The Mountains Sing is a vivid, compelling and deeply moving book that brings to life the true human cost of a devastating war, and the improbable power of hope to sustain us when all seems lost. Read on for an extract from one of the early chapters: 

 

quote from Que Mai 

 

I wondered if my eldest uncle had a family. I studied the shack, but the only thing that told me about his past was the altar—a wooden shelf clinging to the rusty wall. On it stood a statue of a man nailed to a cross. My uncle had become a Christian?

I followed Grandma through the back door, which opened into an area shaded by a thatched roof and surrounded by the tin sheets of the neighbors’ homes. A clay stove sat on the earthen floor, next to a pile of firewood. A large, brown jar stood in the corner, half filled with water. 

“There’re so many things I want to ask him.” Grandma cried into her palms. “I don’t understand why he hadn’t sent us any news. He could’ve tried to let me know that he was alive. All these years . . .”

“He must have his reasons, Grandma. He’ll be able to tell us soon.”

Scooping water out of the jar, we washed our faces. I soaked my washcloth, using it to cool Grandma’s back. It pained me to see her bones and the scars inflicted by Wicked Ghost.

Grandma filled a bucket with water. Carrying it inside, I saw my mother sitting next to Uncle Minh, going through a stack of papers. As Grandma entered, she quickly put the papers into her knapsack.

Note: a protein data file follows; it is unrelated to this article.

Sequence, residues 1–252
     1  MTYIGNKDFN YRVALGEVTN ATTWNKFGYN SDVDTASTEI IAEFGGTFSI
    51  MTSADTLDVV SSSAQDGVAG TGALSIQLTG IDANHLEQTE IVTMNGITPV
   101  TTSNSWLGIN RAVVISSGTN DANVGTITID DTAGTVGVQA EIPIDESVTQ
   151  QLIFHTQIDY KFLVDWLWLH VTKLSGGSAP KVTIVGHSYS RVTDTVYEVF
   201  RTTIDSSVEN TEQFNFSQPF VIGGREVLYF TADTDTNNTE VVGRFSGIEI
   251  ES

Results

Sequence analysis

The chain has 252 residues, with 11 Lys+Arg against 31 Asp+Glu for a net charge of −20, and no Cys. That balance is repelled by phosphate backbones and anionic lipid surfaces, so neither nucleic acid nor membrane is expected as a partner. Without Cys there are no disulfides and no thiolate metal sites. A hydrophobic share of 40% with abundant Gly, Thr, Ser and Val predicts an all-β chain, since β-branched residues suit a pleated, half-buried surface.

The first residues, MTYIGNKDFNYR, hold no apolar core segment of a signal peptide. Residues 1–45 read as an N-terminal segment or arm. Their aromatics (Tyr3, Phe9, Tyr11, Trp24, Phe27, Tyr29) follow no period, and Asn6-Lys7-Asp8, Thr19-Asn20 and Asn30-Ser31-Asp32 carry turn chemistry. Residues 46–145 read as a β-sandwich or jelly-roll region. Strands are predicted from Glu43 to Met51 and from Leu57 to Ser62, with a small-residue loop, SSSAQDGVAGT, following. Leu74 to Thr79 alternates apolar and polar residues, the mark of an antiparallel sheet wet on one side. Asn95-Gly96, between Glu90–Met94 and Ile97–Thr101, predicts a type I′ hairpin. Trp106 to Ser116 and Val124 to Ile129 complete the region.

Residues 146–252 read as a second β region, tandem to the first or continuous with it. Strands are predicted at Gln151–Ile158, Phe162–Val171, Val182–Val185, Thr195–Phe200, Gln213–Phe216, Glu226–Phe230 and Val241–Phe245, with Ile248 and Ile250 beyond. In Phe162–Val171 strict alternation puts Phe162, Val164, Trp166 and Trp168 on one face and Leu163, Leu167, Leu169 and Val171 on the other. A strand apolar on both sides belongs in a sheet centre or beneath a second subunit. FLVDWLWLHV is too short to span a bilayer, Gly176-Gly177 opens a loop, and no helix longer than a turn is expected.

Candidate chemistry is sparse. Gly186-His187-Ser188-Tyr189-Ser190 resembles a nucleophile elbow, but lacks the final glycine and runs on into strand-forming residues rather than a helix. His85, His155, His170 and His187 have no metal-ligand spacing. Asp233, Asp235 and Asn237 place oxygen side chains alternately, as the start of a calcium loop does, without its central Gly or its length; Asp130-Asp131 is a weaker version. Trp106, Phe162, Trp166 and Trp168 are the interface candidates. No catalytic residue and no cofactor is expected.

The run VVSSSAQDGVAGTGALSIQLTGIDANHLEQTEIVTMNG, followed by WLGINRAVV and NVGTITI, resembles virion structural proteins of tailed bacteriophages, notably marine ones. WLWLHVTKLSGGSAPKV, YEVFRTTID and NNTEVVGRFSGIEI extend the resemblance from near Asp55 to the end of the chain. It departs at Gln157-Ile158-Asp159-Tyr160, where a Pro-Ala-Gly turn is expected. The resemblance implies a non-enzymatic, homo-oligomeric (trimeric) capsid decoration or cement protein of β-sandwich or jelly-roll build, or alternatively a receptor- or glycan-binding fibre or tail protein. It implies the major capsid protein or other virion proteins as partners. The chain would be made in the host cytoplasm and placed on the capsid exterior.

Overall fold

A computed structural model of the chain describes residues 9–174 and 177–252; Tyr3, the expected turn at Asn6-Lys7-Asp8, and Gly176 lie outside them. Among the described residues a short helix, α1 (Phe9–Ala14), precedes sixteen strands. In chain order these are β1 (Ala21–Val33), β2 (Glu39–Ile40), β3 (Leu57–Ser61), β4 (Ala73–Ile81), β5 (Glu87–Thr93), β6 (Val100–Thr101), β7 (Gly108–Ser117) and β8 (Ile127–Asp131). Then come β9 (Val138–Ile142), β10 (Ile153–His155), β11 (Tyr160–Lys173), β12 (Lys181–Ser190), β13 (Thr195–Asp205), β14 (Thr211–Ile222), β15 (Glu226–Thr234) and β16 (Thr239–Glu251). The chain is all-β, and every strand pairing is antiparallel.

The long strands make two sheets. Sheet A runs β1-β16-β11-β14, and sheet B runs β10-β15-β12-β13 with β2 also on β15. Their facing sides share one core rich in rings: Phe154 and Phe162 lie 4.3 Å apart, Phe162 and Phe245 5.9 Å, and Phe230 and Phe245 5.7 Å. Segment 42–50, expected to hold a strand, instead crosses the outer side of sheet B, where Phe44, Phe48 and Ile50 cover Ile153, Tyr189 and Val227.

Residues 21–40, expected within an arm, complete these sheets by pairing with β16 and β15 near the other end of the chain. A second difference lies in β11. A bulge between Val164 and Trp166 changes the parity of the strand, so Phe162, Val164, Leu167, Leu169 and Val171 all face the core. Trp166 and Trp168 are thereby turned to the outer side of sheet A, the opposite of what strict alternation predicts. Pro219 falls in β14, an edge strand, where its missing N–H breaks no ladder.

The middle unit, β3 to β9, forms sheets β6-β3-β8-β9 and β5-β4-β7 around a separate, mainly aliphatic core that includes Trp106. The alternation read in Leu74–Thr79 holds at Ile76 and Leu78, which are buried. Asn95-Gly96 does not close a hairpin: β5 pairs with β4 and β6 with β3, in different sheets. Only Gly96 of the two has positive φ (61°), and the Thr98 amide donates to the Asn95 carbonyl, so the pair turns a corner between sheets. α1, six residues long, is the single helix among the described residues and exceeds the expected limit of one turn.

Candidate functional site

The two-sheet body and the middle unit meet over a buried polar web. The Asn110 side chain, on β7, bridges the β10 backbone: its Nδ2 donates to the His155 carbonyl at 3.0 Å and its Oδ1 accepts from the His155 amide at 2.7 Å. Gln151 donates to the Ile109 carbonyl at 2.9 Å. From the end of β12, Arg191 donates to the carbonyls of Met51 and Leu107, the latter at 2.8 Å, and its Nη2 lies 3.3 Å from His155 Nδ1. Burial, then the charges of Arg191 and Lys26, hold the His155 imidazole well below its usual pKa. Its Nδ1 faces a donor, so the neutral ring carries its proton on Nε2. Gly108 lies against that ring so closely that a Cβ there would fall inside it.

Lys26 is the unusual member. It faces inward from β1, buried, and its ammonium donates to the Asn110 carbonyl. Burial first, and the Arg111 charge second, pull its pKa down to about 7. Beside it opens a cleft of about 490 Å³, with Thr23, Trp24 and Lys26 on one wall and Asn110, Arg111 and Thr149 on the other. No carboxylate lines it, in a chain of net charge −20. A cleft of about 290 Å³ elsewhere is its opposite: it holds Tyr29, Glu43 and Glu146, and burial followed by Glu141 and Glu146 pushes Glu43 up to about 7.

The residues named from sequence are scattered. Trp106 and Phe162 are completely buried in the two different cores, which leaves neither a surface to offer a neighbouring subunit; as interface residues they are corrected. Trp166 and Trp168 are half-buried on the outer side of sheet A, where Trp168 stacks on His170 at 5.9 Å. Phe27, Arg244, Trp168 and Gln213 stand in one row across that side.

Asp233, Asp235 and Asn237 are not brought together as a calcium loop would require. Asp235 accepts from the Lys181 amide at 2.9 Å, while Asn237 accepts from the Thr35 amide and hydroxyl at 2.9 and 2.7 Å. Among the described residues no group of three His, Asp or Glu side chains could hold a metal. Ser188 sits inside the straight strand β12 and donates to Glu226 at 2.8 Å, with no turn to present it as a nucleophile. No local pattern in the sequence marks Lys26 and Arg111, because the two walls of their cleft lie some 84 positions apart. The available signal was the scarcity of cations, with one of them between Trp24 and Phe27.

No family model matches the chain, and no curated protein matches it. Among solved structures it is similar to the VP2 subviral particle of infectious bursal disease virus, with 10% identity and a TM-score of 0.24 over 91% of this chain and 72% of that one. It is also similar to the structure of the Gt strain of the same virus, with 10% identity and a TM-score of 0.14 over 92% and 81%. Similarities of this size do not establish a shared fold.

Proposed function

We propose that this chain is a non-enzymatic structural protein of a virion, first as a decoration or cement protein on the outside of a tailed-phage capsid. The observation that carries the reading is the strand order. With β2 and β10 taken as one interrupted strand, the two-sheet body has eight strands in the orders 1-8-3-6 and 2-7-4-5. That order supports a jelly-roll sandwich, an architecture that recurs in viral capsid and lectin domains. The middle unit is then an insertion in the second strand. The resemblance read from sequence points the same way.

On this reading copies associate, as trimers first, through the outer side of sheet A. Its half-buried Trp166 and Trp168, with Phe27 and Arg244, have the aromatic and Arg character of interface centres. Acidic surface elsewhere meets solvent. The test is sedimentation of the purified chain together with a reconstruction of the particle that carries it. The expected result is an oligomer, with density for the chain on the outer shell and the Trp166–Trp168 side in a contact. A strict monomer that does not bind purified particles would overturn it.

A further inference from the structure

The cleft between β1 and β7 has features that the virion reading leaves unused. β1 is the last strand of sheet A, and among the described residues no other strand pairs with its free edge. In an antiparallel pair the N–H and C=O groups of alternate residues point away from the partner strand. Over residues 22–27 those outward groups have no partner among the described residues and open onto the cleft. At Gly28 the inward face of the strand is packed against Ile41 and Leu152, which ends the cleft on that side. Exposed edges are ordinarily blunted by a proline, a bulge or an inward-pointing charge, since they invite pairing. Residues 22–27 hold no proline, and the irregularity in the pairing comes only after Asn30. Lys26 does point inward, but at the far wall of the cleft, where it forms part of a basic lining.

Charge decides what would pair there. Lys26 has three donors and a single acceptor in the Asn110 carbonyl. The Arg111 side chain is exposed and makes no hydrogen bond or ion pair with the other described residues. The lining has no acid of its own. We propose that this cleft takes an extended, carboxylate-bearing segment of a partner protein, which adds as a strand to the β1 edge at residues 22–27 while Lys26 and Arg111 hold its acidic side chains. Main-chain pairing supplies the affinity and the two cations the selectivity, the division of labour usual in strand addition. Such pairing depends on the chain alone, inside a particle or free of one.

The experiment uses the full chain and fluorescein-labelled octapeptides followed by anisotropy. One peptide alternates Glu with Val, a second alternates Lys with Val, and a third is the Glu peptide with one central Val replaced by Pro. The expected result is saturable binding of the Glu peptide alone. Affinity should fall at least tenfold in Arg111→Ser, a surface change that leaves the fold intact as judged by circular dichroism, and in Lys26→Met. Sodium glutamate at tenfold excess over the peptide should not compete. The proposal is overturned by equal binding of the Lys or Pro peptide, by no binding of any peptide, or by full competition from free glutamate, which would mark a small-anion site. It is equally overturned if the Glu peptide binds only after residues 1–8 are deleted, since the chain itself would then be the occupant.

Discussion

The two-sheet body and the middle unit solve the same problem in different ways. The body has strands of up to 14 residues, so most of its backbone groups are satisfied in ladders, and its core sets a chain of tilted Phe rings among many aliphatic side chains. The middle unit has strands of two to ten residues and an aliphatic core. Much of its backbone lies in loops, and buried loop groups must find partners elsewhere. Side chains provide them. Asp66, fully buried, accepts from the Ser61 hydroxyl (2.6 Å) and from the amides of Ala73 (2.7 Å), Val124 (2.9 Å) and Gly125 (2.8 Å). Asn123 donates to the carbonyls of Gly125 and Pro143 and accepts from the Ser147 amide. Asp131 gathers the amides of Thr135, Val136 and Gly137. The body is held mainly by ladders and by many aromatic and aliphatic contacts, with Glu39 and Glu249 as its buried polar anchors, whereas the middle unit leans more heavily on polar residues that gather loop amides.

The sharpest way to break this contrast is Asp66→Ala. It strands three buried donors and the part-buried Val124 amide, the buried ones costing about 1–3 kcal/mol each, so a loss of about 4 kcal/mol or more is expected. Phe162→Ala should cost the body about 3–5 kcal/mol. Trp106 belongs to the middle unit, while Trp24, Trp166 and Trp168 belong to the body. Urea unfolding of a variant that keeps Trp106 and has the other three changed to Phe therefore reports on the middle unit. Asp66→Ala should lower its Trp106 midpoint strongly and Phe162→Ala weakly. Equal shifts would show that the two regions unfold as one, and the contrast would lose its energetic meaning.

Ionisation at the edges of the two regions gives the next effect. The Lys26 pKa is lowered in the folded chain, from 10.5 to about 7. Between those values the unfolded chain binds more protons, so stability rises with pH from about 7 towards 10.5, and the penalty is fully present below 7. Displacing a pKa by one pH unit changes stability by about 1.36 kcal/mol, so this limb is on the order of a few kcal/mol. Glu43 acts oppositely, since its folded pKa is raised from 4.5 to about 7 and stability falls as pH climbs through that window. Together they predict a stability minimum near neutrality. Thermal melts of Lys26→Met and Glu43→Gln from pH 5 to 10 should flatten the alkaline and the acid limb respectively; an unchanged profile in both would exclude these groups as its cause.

“Ready for a sponge bath?” Grandma asked. Uncle Minh smiled. Suddenly his body jumped with bouts of coughing. Glancing at my mother, I read the worry in her eyes.

The coughing eased. The front door opened, but instead of Auntie Hạnh, a boy came in, carrying a steaming bowl. I thanked him and fanned the phở.

Grandma washed Uncle Minh. My mother unpacked parcels of herbs. She weighed different ingredients, pouring them into the clay pot she’d brought along.

Uncle Đạt came back with a tray full of ice, which he placed next to Uncle Minh. He took the fan from me, flicking it, sending coolness around the room.

At the back of the shack, I kindled a fire. My mother poured water into the clay pot.

“How is he, Mama?” I fed the fire pieces of wood.

She pulled me to her, her lips against my ear. “Don’t tell Grandma yet. Your uncle Minh is dying. Those papers he showed me . . . cancer. It’s spread to his lungs and liver. He was hospitalized for months, but the doctors sent him home, said they could no longer help.”

“But you, Mama, your medicine can do magic.”

“I’m afraid it’s too late. The cancer is too advanced. The results of his tests . . .” She bit her lip. “I’ll try, but I think I can only help to relieve the pain of his last days.”

My chest hurt for Grandma. How could she cope with such awful news?

I turned to the fire. Human lives were short and fragile. Time and illnesses consumed us, like flames burning away these pieces of wood. But it didn’t matter how long or short we lived. It mattered more how much light we were able to shed on those we loved and how many people we touched with our compassion.

 

The Mountains Sing is published in July 2020, and is available for pre-order now. Click here for more information, plus keep an eye out for our cover reveal soon! 

 

The Mountains Sing july 2020 text with blossoms